The Unknown Seven Billionth Babies

On October 31, 2011, Danica May Camacho was welcomed as the world’s seven billionth baby with a chocolate cake in Manila, Philippines, and a gift certificate for free shoes. While Russia declared a boy named Alexander, born in Petropavlovsk- Kamchatsky city on the same day, as their seven billionth baby, in the Indian state of Uttar Pradesh the birth of Nargis at a Community Health Center (CHC) in Mal was greeted by her parents, several non governmental organizations and state officials and accorded a ‘symbolic’ status of the seven billionth baby of the world.

For all these babies thrust in the limelight, October 31 will be more than just their birthday. They will be feted when they turn one, given more freebies and be forever tracked by the media as they map the progress of the seven billionth baby. But what about the hundreds of other children who were born on the same day in India without this hype? In Bihar, many of them were lucky just to have been born, considering that the child sex ratio in the age group of 0-6 has been on the decline. It dropped from 942 in 2001 to 933 in 2011 according to the latest census. Twins Chotu and Choti are among the fortunate ones who made it into the world on October 31. Born at a private hospital in the state capital Patna, the pair (a boy and a girl), were taken home by their mother within a couple of hours of their birth. In fact, the hospital did not even record the name and address of the mother.

 Fighting for Survival 
So will Chotu and Choti survive? The first 24 to 48 hours are crucial for the survival of the mother and child. But a majority of women tend to leave the hospital within six to eight hours of giving birth, increasing the vulnerability of both the newborn and the mother. Motivating women to stay longer in the hospital and reducing maternal and infant mortality are among the biggest challenges for the state health department. According to Mr Sanjay Kumar, Executive Director, State Health Society, it was imperative to lower the infant mortality rate (IMR) and maternal mortality rate (MMR) because these deaths were preventable.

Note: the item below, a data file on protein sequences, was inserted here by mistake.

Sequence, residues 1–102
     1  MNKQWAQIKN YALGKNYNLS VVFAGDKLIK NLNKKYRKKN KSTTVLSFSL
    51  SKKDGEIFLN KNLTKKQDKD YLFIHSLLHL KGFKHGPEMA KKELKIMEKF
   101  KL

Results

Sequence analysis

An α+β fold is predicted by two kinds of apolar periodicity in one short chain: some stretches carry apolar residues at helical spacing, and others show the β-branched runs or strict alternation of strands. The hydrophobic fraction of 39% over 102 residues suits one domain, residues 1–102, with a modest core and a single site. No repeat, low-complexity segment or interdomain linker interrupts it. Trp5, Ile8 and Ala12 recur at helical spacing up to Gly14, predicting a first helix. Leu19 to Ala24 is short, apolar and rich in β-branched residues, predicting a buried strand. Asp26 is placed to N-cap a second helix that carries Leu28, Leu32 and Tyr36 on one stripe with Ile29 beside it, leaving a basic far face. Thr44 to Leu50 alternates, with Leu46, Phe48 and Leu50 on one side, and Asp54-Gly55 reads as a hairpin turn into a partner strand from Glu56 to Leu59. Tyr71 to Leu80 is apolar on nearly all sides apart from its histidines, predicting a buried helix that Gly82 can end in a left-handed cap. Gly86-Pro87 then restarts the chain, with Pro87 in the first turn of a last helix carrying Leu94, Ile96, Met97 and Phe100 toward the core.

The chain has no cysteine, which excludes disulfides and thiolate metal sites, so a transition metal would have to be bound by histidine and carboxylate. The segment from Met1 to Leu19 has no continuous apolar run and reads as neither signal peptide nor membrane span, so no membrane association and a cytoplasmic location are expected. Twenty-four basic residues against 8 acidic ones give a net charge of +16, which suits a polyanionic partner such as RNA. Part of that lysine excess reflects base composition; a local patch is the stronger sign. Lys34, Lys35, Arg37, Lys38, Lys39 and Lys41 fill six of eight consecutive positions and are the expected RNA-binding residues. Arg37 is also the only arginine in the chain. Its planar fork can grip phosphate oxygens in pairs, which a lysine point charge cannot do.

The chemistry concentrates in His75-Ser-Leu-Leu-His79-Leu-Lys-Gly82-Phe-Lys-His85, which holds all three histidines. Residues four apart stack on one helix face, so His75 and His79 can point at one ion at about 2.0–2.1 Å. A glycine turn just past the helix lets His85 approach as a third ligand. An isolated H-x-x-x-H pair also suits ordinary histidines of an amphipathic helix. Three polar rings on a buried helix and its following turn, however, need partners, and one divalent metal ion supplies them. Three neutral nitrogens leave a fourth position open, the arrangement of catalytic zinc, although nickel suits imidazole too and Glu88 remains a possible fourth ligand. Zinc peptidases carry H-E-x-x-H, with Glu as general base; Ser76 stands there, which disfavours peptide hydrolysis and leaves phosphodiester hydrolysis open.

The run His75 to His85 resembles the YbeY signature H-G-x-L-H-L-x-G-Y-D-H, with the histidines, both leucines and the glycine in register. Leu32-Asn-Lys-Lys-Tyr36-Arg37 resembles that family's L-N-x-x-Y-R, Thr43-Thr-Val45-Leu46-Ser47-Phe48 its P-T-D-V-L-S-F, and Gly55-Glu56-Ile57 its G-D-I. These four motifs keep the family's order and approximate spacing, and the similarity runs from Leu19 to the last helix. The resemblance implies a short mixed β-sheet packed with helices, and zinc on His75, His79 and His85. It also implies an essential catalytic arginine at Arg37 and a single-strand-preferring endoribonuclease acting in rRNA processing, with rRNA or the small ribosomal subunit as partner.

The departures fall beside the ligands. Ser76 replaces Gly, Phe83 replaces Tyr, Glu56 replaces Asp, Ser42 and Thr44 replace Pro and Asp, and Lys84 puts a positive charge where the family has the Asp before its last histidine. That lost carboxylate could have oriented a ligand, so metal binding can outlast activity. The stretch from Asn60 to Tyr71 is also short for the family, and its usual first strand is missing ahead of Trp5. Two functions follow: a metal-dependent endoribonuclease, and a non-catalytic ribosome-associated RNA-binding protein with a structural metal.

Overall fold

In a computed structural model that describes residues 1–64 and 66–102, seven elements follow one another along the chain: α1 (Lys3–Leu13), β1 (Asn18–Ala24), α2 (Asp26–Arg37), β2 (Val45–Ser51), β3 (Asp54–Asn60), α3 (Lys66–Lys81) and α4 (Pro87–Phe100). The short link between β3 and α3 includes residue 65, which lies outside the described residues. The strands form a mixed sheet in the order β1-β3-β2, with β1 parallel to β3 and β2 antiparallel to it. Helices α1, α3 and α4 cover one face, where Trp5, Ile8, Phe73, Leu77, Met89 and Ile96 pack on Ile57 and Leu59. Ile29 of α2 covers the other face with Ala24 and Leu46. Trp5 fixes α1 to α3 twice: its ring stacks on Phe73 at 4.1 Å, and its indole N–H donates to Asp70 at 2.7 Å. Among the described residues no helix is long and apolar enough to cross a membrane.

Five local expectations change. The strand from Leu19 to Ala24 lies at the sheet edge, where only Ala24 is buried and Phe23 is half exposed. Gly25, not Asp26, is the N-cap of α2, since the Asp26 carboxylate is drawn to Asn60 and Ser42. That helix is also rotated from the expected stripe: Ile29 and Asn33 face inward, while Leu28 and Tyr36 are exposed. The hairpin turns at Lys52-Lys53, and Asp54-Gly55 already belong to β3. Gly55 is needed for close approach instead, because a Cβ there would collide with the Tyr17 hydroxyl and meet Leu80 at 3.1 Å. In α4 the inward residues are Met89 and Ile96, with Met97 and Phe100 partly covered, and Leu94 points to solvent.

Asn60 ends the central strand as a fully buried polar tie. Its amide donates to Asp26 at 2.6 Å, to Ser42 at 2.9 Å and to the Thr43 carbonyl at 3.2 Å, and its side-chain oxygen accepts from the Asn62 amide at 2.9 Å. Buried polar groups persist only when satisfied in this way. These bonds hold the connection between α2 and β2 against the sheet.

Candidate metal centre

“We declared 2010 as the year of the newborn and 2011 as the year for safe motherhood to give special attention to the mother and child. We also realize that only when we are able to prevent children from dying will parents consider having less number of children and help to lower the state’s fertility rate. Population stabilization needs to be a priority. That is why we are also in the process of revising our population policy,” he says. (See interview) According to Dr. Ajay Shahi, State Programme Officer, (FP & IEC), State Health Society, while the decline in the decadal growth of population in Bihar (3.5 percent decline as per the census of 2011) was a good sign, the total fertility rate (TFR) needs to be brought down so that the population variation between the districts could be stabilized. For example, the TFR of Gopalganj, the district which recorded the lowest decadal growth, is marginally lower than Madhepura which saw the highest decadal growth. The TFR of Gopalganj is 4.4, while that of Madhepura is 4.8.

The Power of Counseling